I spent a good part of last night wondering why mice can’t use bazookas. Well, I say that I was wondering about this, but that may be a little misleading. My wife would probably say that was whining rather than wondering. Mouse-bazooka capability doesn’t seem unreasonable to me. If not bazookas, then something else that’s destructive on a similar scale. Napalm would be nice, or maybe they could topple a big church over onto something they don’t like.

For 20 chapters of the story I’m writing, my mice have lived in obliterating terror of their antagonist, and now it’s time to kill the bastard. Sixteen chapters ago I set up the ideal plot device to perform the coup de grâce. My problem is that when the coup comes, my readers will have seen it coming from 16 chapters away. That’s a lousy way to reward them for sticking with the story for 20 chapters. I need a Left Turn.

My understanding of the Left Turn springs from improvisational acting. In improv, when your partner says or does something, then you should say or do something in response. Hopefully you say something that makes sense. If you say something entertaining, that’s a bonus. Sometimes it’s neat to respond with something called a Left Turn, which is a response that no one expected, but that makes sense to everyone the moment you say it. It can’t just be some wild, random, turnips-doing-algebra-and-barking-like-dogs thing. That just confuses everyone and makes the audience hate you and all your seed unto the last generation. It has to make sense—unlike mice firing bazookas.

I’ve found that you can’t force a Left Turn to appear. That’s like forcing an ice cream truck to come down your block. But you can do things to encourage a Left Turn, just like you can hire pretty girls to stand at the curb waving dollars and crying out for Eskimo Pies. To cultivate a Left Turn in improv, when it’s your turn you can follow a chain of ideas until you get to an interesting response. Each idea builds on the one before it, so it gets further from the obvious response but still has a logical connection back to the beginning.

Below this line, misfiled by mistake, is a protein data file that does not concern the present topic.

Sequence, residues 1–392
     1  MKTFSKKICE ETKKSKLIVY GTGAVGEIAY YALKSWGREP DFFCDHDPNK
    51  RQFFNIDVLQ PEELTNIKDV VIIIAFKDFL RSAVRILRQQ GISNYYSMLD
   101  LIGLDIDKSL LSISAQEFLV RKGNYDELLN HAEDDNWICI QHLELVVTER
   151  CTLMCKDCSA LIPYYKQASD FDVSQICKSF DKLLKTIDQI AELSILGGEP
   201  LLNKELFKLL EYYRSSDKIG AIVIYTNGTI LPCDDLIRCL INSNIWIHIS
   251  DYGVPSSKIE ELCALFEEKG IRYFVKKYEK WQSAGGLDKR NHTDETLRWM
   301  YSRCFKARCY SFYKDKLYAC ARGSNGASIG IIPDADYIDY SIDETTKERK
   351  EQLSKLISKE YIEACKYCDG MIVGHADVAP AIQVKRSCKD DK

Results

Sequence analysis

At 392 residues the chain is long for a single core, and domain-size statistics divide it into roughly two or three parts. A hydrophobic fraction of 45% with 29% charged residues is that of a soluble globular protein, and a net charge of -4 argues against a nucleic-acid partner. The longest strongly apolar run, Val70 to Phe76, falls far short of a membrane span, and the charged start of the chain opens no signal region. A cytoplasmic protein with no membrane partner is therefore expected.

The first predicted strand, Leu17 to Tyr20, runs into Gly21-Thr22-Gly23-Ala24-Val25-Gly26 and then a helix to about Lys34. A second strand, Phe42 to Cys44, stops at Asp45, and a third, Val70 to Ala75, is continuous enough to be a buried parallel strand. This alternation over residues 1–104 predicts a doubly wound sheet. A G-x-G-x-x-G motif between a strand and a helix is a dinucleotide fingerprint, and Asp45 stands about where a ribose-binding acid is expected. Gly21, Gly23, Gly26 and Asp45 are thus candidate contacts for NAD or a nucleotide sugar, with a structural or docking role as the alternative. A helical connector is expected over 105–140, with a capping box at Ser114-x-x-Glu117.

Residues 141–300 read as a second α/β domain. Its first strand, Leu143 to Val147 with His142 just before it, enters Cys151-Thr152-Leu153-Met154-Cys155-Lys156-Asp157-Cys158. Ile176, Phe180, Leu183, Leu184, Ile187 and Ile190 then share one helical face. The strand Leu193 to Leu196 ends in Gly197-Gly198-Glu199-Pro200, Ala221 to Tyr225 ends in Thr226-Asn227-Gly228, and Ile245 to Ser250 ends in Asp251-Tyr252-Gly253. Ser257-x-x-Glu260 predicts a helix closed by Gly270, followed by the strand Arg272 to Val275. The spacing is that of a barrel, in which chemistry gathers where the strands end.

Here’s an improvised Left Turn in a scene:

Me: “That was the bravest thing I’ve ever seen! You killed 20 communist infiltrators all by yourself.”

My Partner: “Yes, but I’m terribly wounded.”

Me: “True, you’re about to die, but before you go I have one thing to say to you.”

My Partner: “What?”

[I start with the idea that this dude is about to die, and then I follow the chain of ideas.]

First idea in my head: “What do you want carved on your head stone?”
Second idea in my head: “Who should take care of your wife and children?”
Third idea in my head: “Do you think your wife likes me?”

Me: “Do you think your wife likes me?”

A Left Turn is born—logical, but not obvious.

So how the heck do my mice Left Turn their enemy into oblivion, alongside Carthage and The Captain and Tennille? I’ll start off with the basic assumption, which is something the mice might say. How about:

“This appalling creature is impaling and disemboweling us all over the place. We should do something.”

And here’s a chain of ideas about what they could do:

—Fall down and play dead.

—Run away to a safer town and forget this blemish of a place.

—Convince the creature it would be more fun to go impale and disembowel someone else, preferably someone far away who was once mean to us.

—Find someone who hates this creature worse than butt fungus and let him eradicate the creature.

—Find someone the creature loves and hold him/her/it hostage until the creature goes away.

—Eat poison and then let the creature eat us. Noble but stupid.

—Lead the creature to the town’s best hunter and taxidermist who conveniently happened to be passing by.

—Lure a giant predator bird down to kill the creature.

—Wait for a god to be lowered on wires and smite the creature with a thunderbolt.

I realize that my chain is pretty long now and that none of these ideas quite sparkle. Maybe I need to work a bit more on how the Left Turn can transition from improvisation to writing. Or maybe I started from the wrong basic assumption. I could instead begin with:

—Kill the creature with a bazooka.

—Kill the creature with a hyper-velocity acorn.

—Tie acorns to our foreheads so the creature chokes to death when it tries to eat a mouse.

I’ll keep working on it.

"A cat in an armored car? Good thing I brought my bazooka."

Photo by Noah7104 at www.roblox.com. (http://www.roblox.com/User.aspx?ID=1032679)